More than likely, your plant has root rot and the only way to save it,(slight chance), is if your spray it with Yates Anti-Rot which contains phosacid. This will only work if you've caught it in time and the leaves are able to take up the phosacid and translocate it to the roots.

Another option is to replant it into drier soil, which is easier if it's in a pot in the first place.

 

Don't Fertilise Yet

Fertilising now will stress the plant further and possible cause root and leaf burn. Wait it out a couple of weeks to let the plant recover, then add a gentle fertiliser at half strength.

Burnt Leaves

Buxus%2Bburnt%2Bleaves.jpg
Bromeliad needed more shade.

Australia's hot summers can burn leaves of plants, particularly if the ground is very dry.

If it's in the ground and the leaves keep getting burnt every year, dig it up and move it to a shadier spot in the garden.

If it's in a pot, that's an easy fix to move to a better spot.

Frost damage on plants looks similar to leaf burn from too much sun.

If you're expecting more frost because it's only the start of winter, invest in a some horticultural fleece, and throw it over the plant on frosty nights. Leave the burnt leaves for now, because they will protect the lower leaves that haven't been burnt.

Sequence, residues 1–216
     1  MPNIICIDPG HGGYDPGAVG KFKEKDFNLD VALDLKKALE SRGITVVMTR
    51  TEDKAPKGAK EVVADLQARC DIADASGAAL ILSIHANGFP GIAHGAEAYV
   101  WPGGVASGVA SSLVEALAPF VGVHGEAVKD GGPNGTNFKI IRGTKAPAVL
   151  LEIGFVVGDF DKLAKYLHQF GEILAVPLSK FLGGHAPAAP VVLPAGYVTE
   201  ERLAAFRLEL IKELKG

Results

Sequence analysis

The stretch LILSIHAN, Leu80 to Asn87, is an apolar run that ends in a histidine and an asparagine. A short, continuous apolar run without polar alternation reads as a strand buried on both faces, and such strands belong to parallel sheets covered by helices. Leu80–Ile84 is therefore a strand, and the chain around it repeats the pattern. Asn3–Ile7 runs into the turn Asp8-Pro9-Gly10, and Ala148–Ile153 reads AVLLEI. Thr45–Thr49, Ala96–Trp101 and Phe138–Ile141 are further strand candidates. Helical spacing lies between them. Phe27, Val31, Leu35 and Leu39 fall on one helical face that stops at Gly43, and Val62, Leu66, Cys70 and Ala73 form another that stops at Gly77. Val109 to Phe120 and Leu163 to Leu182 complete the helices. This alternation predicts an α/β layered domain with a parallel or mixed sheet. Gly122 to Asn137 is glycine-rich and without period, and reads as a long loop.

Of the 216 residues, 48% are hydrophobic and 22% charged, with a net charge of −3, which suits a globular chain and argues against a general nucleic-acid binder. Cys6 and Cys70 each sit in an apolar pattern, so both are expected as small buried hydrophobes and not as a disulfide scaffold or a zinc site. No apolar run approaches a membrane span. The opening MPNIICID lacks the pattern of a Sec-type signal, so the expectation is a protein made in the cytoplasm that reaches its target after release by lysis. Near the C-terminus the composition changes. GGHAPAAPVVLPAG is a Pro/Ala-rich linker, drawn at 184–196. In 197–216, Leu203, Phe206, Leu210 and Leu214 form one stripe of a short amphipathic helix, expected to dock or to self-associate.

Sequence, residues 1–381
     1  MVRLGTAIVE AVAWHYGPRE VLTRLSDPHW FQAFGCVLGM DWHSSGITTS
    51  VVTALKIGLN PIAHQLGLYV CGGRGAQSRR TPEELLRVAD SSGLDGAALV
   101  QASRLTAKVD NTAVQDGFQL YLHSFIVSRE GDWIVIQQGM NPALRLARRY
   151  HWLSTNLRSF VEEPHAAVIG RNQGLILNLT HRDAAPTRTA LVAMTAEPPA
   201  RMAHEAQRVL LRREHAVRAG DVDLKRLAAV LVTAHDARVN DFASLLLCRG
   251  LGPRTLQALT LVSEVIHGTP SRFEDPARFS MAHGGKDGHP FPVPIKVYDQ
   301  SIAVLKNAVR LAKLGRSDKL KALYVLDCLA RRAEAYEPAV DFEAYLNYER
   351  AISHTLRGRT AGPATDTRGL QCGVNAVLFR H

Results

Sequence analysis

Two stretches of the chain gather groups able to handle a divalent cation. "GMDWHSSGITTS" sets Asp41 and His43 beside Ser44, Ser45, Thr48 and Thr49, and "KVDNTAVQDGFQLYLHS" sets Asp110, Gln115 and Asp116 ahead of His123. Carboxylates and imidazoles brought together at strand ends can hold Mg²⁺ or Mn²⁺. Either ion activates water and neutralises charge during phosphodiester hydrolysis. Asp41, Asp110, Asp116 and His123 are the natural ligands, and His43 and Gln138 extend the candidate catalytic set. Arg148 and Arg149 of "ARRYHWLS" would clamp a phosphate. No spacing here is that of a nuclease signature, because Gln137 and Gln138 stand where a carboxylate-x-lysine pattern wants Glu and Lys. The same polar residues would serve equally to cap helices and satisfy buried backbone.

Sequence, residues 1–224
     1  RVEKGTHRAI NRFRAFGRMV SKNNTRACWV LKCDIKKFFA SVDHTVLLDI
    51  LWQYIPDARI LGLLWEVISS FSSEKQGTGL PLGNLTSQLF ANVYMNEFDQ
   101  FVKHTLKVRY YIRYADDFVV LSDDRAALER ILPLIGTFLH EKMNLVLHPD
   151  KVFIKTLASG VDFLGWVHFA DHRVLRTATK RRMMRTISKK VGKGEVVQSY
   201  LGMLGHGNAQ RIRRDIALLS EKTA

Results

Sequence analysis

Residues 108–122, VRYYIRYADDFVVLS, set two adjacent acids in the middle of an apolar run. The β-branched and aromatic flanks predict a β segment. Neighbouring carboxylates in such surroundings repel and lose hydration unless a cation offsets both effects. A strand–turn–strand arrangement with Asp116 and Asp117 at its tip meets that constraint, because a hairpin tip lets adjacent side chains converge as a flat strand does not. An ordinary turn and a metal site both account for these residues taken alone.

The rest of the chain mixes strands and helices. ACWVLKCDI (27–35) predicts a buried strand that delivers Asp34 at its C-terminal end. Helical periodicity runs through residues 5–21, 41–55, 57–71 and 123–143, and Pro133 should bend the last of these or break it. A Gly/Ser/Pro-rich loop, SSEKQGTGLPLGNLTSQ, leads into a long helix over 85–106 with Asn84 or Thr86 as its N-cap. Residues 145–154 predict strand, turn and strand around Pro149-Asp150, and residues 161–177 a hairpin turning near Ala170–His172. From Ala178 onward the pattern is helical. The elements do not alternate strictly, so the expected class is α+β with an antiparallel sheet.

I'm talking with Steve Falcioni from www.ecoorganicgarden.com.au 

Real World Gardener Allergy and Cut Flowers in Talking Flowers

June 10th, 2020

TALKING FLOWERS

Allergy and Cut Flowers

Cut flowers bring surprise and admiration for the giver but if they trigger itchy eyes and runny noses, chances are you have an allergy to those particular flowers.

Pollen allergies can trigger hayfever type reactions so flowers with lots of pollen should be avoided.

But how to tell?

Botanical Bite

Only male flowers produce pollen. 

  •  Dioecious plants have either only male or either female flowers on any one individual plant. These plants rely on mainly the wind, rarely insects to carry pollen from a male plant to a female plant to reproduce.
  • Monoecious plants, contain both male and female flowers on the same plant, meaning that pollen must travel from flower to flower but not from plant to plant. Some monoecious plants contain male and female parts in the same flower. They’re often called “perfect flowers” and don't need any pollen to be transferred at all, as a single flower can reproduce on its own.

Top 10 allergy-heavy plants